Prawns

(Various species)

Bamboo prawns, Black tiger prawns, Queen prawns, Red prawn, Shrimp, Garnale, LM prawns, Tiger prawns, Pacific White Shrimp, Pink Prawns, Tropical Shrimp, White Prawn, Shallow water prawns

1. What is it?

Prawns are abundant, bottom-dwelling crustaceans found in sandy, muddy or reefs associated areas often in large groups. They are a commercially important species all over the world. Despite their commercial importance, little information is available regarding their stock levels. In many areas, there are indications of prawns being overfished as fishing pressure is thought to be very high and illegal, unreported and unregulated (IUU) fishing is a widespread occurrence.

2. How was it caught or farmed?

Farmed - Pond

Prawns are farmed in semi-closed ponds, cages and fenced off areas. There is some impact to the environment depending on the location of the farm, and disease is an issue leading to widespread outbreaks as hatchery reared larvae are less resilient to diseases and the transport of seed larvae and bloodstock further facilitates the spread of pathogens. In smaller farms the prawns obtain their own food but in larger scale farms prawns are often fed a commercially-formulated feed which isn’t regulated.

Shallow-water crustacean trawl

Prawns are fished using shallow-water crustacean trawl nets which are dragged along the sea floor at depths ranging from 5 m to 35 m (some fishing vessels will go down to 70 m). Prawn trawling can have a significant impact on the environment as it often damages or destroys key habitats (coral reefs in particular) for many threatened or endangered species. In addition, prawn trawling produces high levels of bycatch most of which is discarded.

Deep-water crustacean trawl

Prawns are fished using deep-water crustacean trawl nets which are dragged along the sea floor at depths ranging from 200 m to 1000 m. Prawn trawling can have a significant impact on the environment as it often damages or destroys key habitats (sponge beds, coral and biogenic reefs in particular) for many threatened or endangered species. In addition, prawn trawling produces high levels of bycatch most of which is discarded.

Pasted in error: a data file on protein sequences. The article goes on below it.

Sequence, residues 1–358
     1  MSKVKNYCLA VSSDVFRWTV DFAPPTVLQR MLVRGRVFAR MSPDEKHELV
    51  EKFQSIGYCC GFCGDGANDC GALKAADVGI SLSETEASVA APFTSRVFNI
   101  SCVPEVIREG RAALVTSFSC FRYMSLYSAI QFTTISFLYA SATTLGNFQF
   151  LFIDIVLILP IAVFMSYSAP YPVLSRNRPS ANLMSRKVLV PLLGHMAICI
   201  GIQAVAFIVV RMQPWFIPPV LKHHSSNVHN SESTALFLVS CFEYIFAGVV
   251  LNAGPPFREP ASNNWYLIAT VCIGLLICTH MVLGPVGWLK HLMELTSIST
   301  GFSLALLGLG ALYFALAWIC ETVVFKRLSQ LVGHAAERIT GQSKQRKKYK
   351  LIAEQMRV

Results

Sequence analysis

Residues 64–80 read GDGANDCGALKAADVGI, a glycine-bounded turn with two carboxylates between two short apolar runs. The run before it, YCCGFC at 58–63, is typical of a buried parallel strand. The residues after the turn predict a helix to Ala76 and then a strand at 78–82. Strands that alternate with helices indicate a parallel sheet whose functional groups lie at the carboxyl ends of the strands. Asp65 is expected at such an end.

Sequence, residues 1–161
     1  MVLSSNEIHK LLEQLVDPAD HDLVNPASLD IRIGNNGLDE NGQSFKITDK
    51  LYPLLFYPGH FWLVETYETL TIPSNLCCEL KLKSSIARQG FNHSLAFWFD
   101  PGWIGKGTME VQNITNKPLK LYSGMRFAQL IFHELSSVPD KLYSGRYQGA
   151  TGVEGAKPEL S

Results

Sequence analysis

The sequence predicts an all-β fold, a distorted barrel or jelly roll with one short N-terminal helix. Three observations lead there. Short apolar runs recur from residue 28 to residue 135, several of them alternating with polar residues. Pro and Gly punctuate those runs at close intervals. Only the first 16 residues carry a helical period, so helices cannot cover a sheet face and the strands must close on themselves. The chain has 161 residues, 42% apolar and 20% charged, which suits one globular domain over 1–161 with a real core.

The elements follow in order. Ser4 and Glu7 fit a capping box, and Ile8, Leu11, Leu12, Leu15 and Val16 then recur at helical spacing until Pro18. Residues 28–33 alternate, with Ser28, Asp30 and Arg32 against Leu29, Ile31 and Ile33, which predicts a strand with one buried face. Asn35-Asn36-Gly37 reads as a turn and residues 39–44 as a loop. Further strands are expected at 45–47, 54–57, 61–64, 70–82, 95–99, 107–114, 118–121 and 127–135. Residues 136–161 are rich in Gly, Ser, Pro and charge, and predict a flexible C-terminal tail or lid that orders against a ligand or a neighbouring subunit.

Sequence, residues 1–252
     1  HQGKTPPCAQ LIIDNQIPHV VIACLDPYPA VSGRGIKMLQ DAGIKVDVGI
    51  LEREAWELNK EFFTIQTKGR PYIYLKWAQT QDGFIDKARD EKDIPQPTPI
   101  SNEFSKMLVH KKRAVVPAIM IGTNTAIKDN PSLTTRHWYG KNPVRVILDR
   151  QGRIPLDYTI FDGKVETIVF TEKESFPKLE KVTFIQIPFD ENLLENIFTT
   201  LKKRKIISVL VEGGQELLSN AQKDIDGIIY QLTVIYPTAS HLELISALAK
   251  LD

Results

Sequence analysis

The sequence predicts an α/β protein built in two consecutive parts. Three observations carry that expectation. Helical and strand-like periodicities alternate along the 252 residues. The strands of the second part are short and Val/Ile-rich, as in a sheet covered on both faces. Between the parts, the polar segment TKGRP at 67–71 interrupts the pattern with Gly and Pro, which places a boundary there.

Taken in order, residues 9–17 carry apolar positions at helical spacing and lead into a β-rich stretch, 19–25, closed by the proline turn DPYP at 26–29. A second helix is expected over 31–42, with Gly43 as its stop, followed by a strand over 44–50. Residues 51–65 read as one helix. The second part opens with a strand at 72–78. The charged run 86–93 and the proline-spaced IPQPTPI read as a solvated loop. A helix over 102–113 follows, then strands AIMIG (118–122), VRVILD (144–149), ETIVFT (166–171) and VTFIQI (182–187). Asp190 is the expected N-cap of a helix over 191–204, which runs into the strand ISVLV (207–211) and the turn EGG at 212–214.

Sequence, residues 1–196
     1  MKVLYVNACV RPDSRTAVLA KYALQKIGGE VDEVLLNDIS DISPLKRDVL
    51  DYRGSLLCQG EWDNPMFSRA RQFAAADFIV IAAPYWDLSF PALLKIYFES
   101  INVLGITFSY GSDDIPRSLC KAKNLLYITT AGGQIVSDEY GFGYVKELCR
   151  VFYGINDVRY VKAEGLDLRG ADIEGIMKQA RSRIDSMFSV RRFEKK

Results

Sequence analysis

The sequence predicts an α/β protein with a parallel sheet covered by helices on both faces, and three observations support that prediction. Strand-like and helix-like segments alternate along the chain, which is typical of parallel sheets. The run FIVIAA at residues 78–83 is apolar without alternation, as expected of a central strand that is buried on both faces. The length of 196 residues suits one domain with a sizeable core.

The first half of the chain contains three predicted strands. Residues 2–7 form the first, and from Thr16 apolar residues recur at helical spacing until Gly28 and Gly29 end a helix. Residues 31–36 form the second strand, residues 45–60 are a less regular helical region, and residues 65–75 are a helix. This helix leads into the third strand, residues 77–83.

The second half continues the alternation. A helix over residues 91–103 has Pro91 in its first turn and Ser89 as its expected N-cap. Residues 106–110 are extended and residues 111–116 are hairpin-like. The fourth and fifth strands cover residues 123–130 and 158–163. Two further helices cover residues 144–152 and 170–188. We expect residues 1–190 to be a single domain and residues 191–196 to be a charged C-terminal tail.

3. Where is it from?

Farmed - Ponds

Prawns are farmed throughout Asia, Latin America and region of Africa and then imported into South Africa. Management can be relatively effective through strict measures to reduce environmental impacts, decrease disease outbreaks and overall improve farming methods.

Wild Caught - crustacean trawl

Prawns are distributed throughout the world’s tropical and temperate oceans. In South Africa prawns are largely imported from a number of different countries throughout Asia, Europe, Eastern Africa and South America. Management is generally specific to the country and ranges from partly effective to poor. A major challenge within the industry is addressing the significant damage to the environment, large quantities of bycatch and the subsequent discard of these bycatch species. Some of countries have introduced quotas such as Total Allowable Effort (TAE) limit, closed/open season, no take areas and minimum size limits. However, this industry remains largely unregulated and illegal and unreported fishing of prawns is a major issue.

Species of prawns imported:

Farmed - Ponds

Pacific whiteleg prawn – Litopenaeus vannamei (ASIA & SOUTH AMERICA)

Giant Tiger Prawn – Penaeus monodon (ASIA & SOUTH EAST AFRICA)

Wild Caught - crustacean trawl

Giant Tiger Prawn – Penaeus monodon (ASIA & SOUTH EAST AFRICA)

Indian white prawn – Fennero penaeus indicus (SOUTH EAST AFRICA)

Northern prawn – Pandalus borealis (EUROPE & CANADA)

Pink prawns – Haliporoides triarthrus (MOZAMBIQUE)

Red prawns – Aristaeomorpha foliacea (MOZAMBIQUE)

Speckled prawns – Metapenaeus monoceros (SOUTH EAST AFRICA)

Langoustines –Metanephrops mozambicus (MOZAMBIQUE)